Balthasar Gracian

Have you lost your focus? Balthasar Gracian has a remedy. 

Balthasar Gracian

Humphrey Bogart in Casablanca

In business as in life, it’s very easy to lose one’s focus. Indeed, a person can get so absorbed in everyday problems that he or she no longer sees the forest for the trees. An example comes to mind, from the 1980s, during the surge in stock prices. In his annual report for Berkshire Hathaway, Warren Buffet wrote how a lot of people had been imploring him to invest some of that company’s large cash reserves in various other companies.

 

But Buffet had an intuitive sense that stock prices were getting too high. So, in his report Buffet quoted the French philosopher and monk Blaise Pascal, who said that that our real problem in life is our inability to stay in our cell. Instead, out of a kind of foolish restlessness, we venture out.

What Buffet was saying was that it was best for Berkshire Hathaway to

stick to its knitting and not to get involved with the buying frenzy, on Wall Street. As usual, Buffet’s intuitions proved correct.

 

What’s true of stock market investments is true of life in general. It’s necessary to know where not to invest one’s time and energy. As Balthasar Gracian states:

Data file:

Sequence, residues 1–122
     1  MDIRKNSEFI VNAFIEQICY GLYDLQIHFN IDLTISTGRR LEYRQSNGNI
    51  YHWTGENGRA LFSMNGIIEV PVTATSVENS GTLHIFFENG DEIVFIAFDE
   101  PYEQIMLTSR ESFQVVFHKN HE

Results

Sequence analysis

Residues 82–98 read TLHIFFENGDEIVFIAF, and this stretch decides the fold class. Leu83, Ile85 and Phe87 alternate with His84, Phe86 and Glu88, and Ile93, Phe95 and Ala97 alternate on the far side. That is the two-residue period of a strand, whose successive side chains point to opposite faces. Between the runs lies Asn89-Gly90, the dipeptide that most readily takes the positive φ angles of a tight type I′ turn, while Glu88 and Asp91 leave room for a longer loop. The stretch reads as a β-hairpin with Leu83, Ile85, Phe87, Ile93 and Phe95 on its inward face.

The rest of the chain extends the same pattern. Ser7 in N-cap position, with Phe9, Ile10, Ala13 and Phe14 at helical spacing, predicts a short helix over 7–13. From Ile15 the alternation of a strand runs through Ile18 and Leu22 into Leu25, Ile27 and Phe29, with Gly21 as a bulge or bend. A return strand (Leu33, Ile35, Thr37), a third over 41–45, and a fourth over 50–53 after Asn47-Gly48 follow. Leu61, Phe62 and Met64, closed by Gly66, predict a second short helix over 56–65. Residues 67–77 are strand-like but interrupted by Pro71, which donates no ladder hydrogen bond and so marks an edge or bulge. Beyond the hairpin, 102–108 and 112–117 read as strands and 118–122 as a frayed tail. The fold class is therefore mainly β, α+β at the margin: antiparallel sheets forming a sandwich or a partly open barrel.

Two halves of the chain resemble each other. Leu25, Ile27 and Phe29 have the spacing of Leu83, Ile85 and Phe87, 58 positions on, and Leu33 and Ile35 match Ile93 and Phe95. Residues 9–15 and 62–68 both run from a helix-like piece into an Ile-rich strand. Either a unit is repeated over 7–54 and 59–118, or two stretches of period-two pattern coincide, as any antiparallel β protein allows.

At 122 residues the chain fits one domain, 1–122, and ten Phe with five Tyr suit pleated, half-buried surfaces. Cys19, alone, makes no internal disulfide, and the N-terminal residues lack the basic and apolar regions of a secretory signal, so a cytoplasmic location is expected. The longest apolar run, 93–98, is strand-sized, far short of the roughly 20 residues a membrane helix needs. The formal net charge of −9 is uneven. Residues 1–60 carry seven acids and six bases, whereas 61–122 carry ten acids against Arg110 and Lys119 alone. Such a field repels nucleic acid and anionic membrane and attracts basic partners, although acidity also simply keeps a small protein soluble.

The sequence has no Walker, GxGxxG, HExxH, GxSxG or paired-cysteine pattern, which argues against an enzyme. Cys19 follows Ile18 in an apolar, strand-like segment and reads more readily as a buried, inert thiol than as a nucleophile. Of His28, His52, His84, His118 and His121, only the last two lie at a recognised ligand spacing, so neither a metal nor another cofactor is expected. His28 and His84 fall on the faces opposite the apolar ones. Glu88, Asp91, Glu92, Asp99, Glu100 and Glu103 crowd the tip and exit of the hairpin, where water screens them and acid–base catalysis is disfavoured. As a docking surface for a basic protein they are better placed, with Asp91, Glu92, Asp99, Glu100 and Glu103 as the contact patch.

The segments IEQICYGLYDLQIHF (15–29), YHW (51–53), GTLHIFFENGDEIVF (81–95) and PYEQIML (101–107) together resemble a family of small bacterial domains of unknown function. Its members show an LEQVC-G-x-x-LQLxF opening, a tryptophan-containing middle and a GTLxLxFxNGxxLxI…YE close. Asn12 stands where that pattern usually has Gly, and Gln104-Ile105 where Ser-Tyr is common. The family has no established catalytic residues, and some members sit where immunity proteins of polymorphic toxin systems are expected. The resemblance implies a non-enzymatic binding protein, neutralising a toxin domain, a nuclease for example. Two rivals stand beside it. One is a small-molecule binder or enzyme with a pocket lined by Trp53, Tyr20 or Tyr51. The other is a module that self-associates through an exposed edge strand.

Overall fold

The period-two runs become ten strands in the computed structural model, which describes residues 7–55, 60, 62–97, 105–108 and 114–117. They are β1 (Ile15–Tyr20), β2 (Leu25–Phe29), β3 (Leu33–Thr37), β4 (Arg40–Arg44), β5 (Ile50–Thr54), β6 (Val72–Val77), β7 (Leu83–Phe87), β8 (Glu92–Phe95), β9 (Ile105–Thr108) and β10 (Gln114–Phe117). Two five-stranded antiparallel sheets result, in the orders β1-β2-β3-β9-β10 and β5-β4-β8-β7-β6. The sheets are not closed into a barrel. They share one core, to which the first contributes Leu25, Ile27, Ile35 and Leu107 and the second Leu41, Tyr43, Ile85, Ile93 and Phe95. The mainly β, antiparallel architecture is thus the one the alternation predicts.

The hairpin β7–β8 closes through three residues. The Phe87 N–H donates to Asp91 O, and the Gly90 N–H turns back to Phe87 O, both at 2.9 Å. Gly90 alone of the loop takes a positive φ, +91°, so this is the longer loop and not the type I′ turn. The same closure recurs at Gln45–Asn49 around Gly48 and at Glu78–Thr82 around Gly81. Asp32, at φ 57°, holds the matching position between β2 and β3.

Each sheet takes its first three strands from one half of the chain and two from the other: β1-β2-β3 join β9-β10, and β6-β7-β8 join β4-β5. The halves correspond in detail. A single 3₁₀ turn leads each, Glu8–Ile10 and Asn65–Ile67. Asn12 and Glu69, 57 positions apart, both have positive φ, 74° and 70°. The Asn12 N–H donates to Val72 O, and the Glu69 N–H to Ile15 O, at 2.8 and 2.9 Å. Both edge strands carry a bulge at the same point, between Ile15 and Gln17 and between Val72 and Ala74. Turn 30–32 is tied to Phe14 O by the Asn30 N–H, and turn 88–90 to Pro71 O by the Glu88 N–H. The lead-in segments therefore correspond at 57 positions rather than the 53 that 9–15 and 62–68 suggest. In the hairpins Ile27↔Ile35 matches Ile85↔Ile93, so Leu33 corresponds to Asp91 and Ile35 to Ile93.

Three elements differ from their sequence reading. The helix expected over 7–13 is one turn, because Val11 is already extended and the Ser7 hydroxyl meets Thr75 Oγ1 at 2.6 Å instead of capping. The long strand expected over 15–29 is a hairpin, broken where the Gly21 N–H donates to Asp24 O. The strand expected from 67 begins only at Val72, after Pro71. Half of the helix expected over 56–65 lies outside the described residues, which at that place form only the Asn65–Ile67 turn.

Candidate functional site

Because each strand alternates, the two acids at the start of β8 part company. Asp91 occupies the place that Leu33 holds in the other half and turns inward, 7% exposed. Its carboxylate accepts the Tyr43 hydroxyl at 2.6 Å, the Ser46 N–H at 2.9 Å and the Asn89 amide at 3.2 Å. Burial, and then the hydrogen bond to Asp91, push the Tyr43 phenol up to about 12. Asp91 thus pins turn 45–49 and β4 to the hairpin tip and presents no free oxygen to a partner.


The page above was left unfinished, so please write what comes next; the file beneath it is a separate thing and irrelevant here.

“Know how to withdraw. It is a great lesson in life to know how to deny, it is still greater to know how to deny oneself as regards both affairs and persons. There are extraneous occupations that eat away precious time. To be occupied in what does not concern you is worse than doing nothing. It is not enough for a careful person not to interfere with others, he must see that they do not interfere with him.” (Balthasar Gracian. The Art of Worldly Wisdom. Translated by Joseph Jacobs. Shambala Pocket Classics. p. 29.)

 

Since our time is limited, it is therefore important to decide which projects are most important and which one would be better off abandoning. Alas, sometimes there are friendships that need to be abandoned or at least curtailed. As Gracian states, “The greatest skill at cards is to know when to discard.”

 

Sometimes, what is required is discarding a whole way of life. One is reminded, in that regard, of the ending of the film Casablanca. Rick Blaine (played by Humphrey Bogart) decides that it’s time to sell his restaurant and join in the war effort. Are you holding some cards that you would be better off discarding?

 

Do you have a business, career, or personal problem? Need an innovative solution? Dr. Mark Dillof utilizes powerful insights from philosophy, psychology, literature & history! Call him at 1-888-737-5724 or e-mail Dr. Dillof today to set up a free exploratory session.

 

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